Second is the invitation itself. We don’t run around throwing cloaks over people any more. Such grand gestures are not particularly suited to “the way Episcopalians behave.” But invitation is nonetheless a powerful—and intimate—offering.
In her book Christianity Beyond Religion, Diana Butler Bass tells the story of being invited to join the Altar Guild of her local parish.[ii] They asked her because they knew she liked to arrange flowers.
Instead of saying yes or no, she asked, “Why?” Here’s what transpired, in Butler Bass’s own words:
“Because I’ve been doing it for thirty-five years,” (the woman) said impatiently, “And I’m really tired. It is time for someone else to do it instead.”
Not exactly an appealing invitation. I turned the offer down.
I suspect that the woman had a rich faith life. I always wondered what might have happened if she had answered the question this way:
You know, I’ve been serving on the altar guild for thirty-five years. Every Sunday, I awake before dawn and come down here to the church. It is so quiet. I come into the building and unlock the sacristy. I open the drawers and take out that altar cloths and laces, so beautifully embroidered with all the colors of the seasons. I unfold them, iron them, and drape them on the altar. Then I go to the closet and take out the silver, making sure it is cleaned and polished. I pour water and wine. While I set the table for the Lord’s Supper, I’ve often wondered what it would have been like to set the table for Jesus and his friends. I’ve meditated on what it must have been like to be there with him. I’ve considered what it will be like when we eat with him in heaven. And I’ve learned a thing or two about service and beauty and community. You know, I’d like to share that with you. I’d like you to learn that too.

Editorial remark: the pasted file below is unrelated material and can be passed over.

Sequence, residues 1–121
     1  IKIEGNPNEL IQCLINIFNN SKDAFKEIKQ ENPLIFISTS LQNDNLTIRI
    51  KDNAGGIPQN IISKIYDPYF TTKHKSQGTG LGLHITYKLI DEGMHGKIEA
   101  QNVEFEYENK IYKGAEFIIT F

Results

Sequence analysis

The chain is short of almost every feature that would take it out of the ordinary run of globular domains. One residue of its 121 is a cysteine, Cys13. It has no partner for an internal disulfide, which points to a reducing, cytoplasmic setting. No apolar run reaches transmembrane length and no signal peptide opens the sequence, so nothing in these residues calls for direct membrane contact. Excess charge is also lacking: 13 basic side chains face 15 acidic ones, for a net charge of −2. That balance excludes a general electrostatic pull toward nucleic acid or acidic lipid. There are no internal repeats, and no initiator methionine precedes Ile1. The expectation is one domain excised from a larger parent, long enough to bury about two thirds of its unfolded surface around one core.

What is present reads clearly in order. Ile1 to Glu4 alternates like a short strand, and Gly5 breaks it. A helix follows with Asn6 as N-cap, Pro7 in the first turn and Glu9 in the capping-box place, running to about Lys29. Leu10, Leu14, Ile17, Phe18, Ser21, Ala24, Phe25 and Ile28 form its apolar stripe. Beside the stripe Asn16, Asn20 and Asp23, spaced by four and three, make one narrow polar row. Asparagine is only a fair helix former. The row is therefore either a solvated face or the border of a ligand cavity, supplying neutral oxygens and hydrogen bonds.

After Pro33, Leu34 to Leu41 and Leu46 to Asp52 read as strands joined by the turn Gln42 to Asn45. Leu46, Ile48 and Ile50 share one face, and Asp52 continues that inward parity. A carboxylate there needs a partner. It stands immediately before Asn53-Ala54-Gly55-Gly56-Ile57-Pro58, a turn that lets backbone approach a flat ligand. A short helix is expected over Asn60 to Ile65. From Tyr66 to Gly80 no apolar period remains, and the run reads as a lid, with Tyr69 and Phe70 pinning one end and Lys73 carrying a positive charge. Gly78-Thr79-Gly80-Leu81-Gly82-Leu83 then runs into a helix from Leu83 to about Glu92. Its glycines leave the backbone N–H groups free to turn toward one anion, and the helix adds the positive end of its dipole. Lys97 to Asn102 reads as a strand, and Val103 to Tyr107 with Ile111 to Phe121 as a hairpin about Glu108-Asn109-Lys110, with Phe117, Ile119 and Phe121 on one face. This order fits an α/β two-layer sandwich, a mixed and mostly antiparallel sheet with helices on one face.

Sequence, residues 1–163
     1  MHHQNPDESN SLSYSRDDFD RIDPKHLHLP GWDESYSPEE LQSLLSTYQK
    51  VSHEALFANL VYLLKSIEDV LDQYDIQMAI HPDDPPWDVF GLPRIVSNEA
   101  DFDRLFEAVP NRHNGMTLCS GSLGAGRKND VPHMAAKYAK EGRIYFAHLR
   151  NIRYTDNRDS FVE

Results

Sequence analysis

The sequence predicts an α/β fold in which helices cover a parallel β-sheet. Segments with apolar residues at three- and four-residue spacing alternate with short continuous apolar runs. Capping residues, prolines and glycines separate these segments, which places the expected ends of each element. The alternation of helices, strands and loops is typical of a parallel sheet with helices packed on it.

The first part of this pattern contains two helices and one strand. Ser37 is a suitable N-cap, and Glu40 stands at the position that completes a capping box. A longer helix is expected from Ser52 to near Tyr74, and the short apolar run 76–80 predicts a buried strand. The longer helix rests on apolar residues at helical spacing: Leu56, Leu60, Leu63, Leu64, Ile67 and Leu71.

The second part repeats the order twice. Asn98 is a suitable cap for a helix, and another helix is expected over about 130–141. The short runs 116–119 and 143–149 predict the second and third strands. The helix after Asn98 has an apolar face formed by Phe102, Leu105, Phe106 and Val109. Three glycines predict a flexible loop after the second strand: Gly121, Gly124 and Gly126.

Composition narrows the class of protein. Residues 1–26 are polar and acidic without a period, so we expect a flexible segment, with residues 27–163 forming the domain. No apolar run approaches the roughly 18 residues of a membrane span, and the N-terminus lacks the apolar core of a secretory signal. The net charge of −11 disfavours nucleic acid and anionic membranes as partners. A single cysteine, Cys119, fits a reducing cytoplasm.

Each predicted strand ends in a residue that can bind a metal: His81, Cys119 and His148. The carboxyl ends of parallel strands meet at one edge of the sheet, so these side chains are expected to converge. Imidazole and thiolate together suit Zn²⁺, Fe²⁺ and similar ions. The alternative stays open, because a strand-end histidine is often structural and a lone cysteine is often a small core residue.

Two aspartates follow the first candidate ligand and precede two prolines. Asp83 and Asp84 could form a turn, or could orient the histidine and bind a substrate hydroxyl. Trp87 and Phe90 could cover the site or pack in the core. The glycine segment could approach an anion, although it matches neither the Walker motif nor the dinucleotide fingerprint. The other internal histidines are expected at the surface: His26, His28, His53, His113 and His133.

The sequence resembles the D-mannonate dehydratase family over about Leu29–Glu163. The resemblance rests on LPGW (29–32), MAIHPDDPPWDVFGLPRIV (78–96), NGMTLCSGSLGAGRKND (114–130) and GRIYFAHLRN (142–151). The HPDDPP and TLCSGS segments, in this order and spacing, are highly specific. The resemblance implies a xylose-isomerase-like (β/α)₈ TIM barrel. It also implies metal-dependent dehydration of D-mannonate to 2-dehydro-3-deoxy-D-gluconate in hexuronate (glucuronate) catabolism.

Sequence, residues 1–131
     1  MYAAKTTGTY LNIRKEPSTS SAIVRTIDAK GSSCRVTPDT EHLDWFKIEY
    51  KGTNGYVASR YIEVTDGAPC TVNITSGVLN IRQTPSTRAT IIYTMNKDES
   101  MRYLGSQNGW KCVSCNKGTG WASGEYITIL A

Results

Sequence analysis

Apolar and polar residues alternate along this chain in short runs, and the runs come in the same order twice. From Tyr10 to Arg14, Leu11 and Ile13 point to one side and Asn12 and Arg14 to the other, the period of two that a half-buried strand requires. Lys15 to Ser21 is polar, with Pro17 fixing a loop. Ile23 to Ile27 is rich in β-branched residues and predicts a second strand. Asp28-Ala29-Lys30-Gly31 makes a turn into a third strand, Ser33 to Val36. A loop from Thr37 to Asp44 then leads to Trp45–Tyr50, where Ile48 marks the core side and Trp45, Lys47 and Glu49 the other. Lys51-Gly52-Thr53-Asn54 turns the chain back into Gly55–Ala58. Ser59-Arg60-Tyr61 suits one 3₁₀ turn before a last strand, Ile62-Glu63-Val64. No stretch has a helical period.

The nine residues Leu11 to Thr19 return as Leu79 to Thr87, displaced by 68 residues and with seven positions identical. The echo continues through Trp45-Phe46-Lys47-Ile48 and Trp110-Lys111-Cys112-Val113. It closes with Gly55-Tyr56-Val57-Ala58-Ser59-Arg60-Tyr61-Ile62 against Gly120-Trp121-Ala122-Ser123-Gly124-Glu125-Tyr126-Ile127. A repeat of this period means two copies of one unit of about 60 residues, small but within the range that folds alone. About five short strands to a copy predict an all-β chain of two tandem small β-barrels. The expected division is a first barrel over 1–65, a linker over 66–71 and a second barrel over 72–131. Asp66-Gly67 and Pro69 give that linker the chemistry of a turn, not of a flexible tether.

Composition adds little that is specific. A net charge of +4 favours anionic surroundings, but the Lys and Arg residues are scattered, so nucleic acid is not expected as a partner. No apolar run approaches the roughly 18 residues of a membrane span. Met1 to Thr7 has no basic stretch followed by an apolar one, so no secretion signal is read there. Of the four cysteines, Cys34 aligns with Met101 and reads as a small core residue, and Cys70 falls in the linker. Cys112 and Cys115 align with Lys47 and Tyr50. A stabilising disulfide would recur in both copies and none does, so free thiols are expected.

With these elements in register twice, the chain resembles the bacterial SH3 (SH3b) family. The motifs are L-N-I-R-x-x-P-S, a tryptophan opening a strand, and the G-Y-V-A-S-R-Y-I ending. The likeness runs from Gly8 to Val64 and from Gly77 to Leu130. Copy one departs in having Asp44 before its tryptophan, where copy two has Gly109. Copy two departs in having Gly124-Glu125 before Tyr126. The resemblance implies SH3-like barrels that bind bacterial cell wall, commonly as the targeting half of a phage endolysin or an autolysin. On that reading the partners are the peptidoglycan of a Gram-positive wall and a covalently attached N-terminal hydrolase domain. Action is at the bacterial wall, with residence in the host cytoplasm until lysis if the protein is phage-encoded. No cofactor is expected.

I know I would have responded, “Sign me up!”
Invitation is a powerful—and intimate—connection. Offered from a place of faith and discipleship, it invokes the Holy Spirit and strengthens the fabric of community across all that would divide us in time and space.
It is in that presence of the Holy Spirit that we find our third lesson from Elijah’s example.
Of course Elijah knew that Elisha would be his successor. He also knew that the moment of clarity and affirmation was not his to give. Elisha had to claim his mantle. YHWH had to bestow the gift.
And yet, I have to believe that Elijah smiled as we was caught up in the whirlwind. I have to believe that over the roar of chariots and horses of fire his heart was glad when Elisha cried out. I have to believe that Elijah was at peace as his life’s work passed into Elisha’s hands.
So let’s take the risk. Let’s find those people who least expect to be called. Let’s invited them into the joy of discipleship through our baptismal lives. I have to believe that our hearts—and theirs—will be glad.
Let us pray:
as you moved in the lives of Elijah and Elisha,
move in our lives,
inviting us to journey to unknown territory,
to listen for your voice,
and to speak your prophetic word
in a world that does not want to hear.
Empowered by your Spirit,
grant us the courage we need
to journey, trust, listen, speak,
and accept your commission
to be your faithful servant people.[iii]
[i] Mitchell, Carrie N. In Bartlett, David and Barbara Brown Taylor. Feasting on the Word: Year C, Volume 3. Louisville: Westminster John Knox Press, 2010, p. 176.
[ii] Butler Bass, Diana. Christianity Beyond Religion. Harper One, 2012. p. 153